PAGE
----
CDC: U.S. patients suffering tropical infection

CDC: U.S. patients suffering tropical infection
The intestinal infection cyclosporiasis is generally seen in people living or traveling in tropical or subtropical areas, but two cases brought to the attention of the U.S. Centers of Disease Control and Prevention in June occurred in individuals who had not been traveling internationally at the time infection would have occurred.

(HealthDay)—The intestinal infection cyclosporiasis is generally seen in people living or traveling in tropical or subtropical areas, but two cases brought to the attention of the U.S. Centers of Disease Control and Prevention in June occurred in individuals who had not been traveling internationally at the time infection would have occurred.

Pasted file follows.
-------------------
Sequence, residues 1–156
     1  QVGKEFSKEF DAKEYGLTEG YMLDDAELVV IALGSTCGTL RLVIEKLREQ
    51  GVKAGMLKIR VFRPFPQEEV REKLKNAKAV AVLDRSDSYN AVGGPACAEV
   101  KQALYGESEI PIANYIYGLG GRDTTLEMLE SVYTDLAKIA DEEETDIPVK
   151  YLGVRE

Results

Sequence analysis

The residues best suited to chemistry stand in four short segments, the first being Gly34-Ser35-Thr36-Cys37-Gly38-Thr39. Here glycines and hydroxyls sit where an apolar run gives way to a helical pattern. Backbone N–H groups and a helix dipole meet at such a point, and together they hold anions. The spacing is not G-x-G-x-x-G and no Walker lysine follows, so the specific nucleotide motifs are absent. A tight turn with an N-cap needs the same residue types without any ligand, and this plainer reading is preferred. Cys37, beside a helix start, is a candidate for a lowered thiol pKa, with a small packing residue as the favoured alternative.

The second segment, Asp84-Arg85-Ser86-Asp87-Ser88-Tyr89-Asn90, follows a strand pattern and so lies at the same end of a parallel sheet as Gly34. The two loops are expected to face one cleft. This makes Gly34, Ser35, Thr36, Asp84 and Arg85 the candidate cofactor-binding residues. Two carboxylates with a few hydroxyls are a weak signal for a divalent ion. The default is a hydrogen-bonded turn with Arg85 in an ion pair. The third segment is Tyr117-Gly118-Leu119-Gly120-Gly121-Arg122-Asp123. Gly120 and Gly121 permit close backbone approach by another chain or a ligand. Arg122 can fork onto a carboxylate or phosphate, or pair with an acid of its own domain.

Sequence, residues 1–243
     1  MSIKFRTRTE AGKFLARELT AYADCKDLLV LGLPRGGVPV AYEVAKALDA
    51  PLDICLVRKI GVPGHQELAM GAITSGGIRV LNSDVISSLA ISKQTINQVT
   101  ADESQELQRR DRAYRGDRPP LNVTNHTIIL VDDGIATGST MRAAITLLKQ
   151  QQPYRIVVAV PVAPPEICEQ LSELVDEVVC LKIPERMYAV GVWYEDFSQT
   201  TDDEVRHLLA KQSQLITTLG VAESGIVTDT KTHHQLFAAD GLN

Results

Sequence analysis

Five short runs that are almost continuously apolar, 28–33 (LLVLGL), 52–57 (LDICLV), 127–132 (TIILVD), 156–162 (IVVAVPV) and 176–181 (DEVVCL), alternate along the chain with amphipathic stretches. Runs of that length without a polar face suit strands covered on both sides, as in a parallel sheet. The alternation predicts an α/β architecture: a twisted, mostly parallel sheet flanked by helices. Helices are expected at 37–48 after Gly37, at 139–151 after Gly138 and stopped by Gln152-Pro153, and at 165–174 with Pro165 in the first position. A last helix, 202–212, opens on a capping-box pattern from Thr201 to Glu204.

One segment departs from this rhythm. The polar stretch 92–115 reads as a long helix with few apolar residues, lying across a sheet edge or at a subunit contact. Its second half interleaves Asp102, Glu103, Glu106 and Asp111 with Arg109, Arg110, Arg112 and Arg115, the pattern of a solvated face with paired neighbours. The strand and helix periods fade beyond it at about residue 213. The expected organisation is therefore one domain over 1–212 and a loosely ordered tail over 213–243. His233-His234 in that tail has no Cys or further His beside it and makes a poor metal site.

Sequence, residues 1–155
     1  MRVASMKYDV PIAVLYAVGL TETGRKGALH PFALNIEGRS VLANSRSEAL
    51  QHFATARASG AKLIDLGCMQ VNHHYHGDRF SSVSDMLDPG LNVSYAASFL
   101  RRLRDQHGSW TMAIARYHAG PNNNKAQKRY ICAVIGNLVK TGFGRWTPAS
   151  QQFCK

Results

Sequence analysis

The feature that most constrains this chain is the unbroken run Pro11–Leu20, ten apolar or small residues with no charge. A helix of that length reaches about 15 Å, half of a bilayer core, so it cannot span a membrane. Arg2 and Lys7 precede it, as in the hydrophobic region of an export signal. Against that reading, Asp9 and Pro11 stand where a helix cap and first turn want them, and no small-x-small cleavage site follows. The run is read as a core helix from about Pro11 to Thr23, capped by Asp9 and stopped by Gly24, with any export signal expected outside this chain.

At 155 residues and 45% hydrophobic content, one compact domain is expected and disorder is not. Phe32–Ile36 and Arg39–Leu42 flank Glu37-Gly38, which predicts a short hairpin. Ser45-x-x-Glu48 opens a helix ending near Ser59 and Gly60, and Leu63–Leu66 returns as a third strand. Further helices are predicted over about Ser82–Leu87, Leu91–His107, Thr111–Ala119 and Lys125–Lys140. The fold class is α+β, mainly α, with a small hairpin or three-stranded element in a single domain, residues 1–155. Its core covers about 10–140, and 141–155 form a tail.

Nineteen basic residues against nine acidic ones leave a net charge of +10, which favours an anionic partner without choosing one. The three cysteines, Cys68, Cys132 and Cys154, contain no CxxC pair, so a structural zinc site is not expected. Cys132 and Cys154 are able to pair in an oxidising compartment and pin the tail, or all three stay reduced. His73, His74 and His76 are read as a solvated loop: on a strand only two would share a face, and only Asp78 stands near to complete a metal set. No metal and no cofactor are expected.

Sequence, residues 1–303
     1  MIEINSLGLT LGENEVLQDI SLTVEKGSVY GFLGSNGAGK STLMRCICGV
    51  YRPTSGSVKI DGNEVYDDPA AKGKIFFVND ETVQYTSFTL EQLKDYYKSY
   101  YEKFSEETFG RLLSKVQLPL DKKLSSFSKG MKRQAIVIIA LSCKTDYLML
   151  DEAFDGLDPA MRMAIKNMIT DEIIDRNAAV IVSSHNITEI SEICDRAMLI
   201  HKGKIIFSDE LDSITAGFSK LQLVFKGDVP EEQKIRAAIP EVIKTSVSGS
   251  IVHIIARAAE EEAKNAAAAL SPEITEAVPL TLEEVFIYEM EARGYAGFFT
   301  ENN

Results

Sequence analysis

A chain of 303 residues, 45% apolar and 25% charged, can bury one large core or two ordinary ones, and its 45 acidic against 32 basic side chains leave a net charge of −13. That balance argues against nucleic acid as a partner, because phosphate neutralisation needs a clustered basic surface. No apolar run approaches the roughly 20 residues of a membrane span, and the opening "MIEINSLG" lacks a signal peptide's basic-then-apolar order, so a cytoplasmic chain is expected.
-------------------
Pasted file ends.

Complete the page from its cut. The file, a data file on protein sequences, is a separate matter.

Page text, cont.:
Since then, the CDC, in collaboration with public health officials and the U.S. Food and Drug Administration, has been investigating the and possible causes. By July 24, 285 cases had been identified in multiple eastern, southern, and midwestern states.

When cyclosporiasis is seen in the United States it is often traced to imported produce, but no such link has been found at this time. It is unclear if this is a single outbreak affecting multiple states, and no common event or gathering where patients might have visited has been identified. One of the five cases confirmed in laboratories was confirmed via telediagnosis; the CDC encourages laboratories to use this method.

According to the CDC, "telediagnosis allows for rapid laboratory confirmation. State health laboratories may submit [to the CDC] images showing suspected Cyclospora oocysts. Images may be captured from modified acid-fast stained smears or from wet mounts examined by ultraviolet fluorescence microscopy."

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